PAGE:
Q: How do you approach storytelling?
The best stories come from compelling storytellers. I search for scientists who are passionate about their work and excited about the challenges involved and work with them to develop ways to tell their stories and translate their work into language the rest of us can understand. For me, that’s the biggest challenge in science programming, finding ways to personalize the story.
Q: What impact do you hope this program will have?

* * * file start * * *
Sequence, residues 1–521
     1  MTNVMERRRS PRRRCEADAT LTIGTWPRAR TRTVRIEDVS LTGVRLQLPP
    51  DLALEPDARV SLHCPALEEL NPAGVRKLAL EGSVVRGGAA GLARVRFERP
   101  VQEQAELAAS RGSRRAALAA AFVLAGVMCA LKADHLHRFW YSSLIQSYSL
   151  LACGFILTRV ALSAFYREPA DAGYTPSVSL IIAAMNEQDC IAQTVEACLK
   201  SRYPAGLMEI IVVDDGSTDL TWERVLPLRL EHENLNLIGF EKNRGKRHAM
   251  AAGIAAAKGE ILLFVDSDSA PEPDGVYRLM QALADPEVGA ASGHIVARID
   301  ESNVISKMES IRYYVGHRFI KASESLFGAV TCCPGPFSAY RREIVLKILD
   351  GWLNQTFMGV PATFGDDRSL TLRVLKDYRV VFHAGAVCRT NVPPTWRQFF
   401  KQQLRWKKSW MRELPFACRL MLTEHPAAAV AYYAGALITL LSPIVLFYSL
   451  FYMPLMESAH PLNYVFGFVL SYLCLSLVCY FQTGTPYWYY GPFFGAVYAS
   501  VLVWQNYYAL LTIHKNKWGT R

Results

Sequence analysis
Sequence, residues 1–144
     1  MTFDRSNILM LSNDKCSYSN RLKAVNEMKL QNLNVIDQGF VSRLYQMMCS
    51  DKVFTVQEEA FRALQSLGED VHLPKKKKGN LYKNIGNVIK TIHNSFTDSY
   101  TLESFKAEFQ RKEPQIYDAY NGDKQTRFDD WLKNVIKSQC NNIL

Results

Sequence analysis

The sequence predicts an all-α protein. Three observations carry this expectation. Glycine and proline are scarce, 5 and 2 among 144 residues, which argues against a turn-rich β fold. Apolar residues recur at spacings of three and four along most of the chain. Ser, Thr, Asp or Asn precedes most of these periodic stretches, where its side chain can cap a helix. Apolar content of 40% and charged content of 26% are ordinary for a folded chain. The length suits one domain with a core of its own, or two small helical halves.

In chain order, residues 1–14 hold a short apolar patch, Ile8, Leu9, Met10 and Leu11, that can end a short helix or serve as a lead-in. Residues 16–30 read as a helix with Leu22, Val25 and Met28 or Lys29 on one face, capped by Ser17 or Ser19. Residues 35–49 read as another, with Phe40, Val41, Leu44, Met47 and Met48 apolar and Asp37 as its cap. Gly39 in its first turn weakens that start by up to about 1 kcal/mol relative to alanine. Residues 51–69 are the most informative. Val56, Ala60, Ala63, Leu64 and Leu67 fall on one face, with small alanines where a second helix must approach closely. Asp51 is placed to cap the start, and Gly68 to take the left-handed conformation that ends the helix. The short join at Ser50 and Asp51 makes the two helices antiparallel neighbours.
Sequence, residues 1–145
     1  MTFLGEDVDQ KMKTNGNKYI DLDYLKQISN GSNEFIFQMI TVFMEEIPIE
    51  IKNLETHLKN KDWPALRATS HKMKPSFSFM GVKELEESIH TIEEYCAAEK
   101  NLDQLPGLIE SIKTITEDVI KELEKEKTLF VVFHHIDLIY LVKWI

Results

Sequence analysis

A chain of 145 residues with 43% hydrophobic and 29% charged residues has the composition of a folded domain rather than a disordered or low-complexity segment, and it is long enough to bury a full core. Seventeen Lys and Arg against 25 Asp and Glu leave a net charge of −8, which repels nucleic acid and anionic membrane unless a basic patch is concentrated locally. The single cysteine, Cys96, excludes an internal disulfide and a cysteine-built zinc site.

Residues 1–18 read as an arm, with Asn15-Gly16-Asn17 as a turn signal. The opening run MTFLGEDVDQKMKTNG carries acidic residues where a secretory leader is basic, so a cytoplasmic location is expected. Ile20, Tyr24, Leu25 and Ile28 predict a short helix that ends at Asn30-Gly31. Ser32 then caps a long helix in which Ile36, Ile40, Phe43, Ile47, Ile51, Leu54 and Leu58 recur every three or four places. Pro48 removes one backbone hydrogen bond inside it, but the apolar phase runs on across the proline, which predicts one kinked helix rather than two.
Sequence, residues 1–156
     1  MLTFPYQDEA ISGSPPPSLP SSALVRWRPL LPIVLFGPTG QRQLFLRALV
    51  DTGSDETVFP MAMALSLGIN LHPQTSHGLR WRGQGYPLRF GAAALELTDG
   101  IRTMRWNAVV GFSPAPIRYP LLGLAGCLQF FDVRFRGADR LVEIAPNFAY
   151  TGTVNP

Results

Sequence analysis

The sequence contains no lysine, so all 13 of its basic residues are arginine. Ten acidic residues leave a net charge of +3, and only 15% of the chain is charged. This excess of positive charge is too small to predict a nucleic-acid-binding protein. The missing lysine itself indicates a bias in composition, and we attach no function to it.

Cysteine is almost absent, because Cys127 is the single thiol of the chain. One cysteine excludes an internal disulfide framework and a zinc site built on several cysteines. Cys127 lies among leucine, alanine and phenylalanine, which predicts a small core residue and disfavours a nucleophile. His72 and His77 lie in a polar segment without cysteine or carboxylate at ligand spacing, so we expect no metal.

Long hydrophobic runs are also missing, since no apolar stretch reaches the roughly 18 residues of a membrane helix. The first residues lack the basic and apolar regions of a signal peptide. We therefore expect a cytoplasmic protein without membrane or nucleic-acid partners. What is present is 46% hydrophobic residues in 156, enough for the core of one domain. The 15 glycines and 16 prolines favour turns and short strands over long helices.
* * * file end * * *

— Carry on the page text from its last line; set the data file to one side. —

From landing a rover on Mars to flying a tiny helicopter named Ingenuity on another planet, the scientists featured in “Looking for Life on Mars” are inspiring. I hope their stories help people understand what kind of collaboration and dedication it takes to engineer this kind of space mission, as well as motivate aspiring young scientists to pursue their dreams.
Q: What’s next?
I’m currently producing an hour for PBS/NOVA about the James Webb Space Telescope, launching sometime this year. It is the most complex space telescope ever built. Consequently, the mission has had a difficult time getting off the ground. But if all works as planned, it will revolutionize the world of astronomy. We’re following several scientists on the mission to see how their stories unfold and if years of hard work will pay off.